To give a quick background, we need to implement a solution where we can guarantee that information is stored encrypted. Access to the encryption data will only be possible through an application that has dedicated access to the database. With every "request" to this application, authentication details will be provided that is then used to create a log of who has read what information and when.
My main requirements are:
- MySQL 5.5
- Database will be replicated for backup purposes. One should be able to restore from such replicated database, but by accessing a replicated database I should not be able to read any information.
My idea is to use application-level encryption and store explicit encrypted values in the database. That is, on a technical level, the database has no way of knowing that information is encrypted. The actual "structure" of the database (tables, columns etc) isn't something we consider secret. To implement the application-level encryption I'm thinking of applying AES_ENCRYPT/AES_DECRYPT that is built-in MySQL, using a passphrase that is only known by the application.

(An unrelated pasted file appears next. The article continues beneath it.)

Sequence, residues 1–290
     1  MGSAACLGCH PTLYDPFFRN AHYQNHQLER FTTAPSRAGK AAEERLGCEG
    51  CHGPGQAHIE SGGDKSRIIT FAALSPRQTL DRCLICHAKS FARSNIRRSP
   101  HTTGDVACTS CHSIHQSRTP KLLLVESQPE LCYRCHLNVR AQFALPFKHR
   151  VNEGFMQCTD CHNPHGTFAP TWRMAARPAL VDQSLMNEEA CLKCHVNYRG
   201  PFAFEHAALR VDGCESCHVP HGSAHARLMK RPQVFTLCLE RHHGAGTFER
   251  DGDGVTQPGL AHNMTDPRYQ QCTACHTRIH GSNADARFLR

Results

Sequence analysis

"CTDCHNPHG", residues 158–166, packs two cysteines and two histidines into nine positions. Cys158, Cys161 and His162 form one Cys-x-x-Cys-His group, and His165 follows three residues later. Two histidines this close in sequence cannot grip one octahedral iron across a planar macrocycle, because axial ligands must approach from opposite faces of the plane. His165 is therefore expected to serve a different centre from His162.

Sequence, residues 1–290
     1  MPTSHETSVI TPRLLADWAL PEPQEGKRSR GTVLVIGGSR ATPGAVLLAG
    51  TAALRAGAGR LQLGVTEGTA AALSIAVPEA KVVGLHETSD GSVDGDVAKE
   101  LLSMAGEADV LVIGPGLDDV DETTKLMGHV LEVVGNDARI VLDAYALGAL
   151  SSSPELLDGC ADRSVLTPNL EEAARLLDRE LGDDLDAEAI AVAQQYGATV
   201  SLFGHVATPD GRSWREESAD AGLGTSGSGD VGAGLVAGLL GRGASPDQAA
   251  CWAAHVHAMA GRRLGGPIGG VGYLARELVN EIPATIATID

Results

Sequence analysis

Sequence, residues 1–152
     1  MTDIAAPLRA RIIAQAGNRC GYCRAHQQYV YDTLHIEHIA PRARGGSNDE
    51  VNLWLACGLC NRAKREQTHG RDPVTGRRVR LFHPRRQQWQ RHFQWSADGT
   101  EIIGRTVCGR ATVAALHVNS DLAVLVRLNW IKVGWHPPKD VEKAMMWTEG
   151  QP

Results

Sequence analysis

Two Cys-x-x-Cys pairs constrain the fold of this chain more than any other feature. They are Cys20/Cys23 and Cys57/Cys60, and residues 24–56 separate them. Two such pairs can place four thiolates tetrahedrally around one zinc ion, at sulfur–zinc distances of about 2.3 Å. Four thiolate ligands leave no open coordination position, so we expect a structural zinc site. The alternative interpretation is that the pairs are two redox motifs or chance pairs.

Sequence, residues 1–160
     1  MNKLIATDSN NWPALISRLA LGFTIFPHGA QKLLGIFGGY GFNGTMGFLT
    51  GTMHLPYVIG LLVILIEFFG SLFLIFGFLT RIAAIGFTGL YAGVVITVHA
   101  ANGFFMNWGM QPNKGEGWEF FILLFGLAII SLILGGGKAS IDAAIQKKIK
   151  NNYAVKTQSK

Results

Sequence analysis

Does anyone see a problem with this approach? Surely, the passphrase must be kept secret. If the passphrase would leak, I thinking that it would be trivial to re-encrypt all values with a new passphrase. The database isn't expected to be large, performance requirements are low. Development and testing environments would be easy to have, as the only difference would be the passphrase used.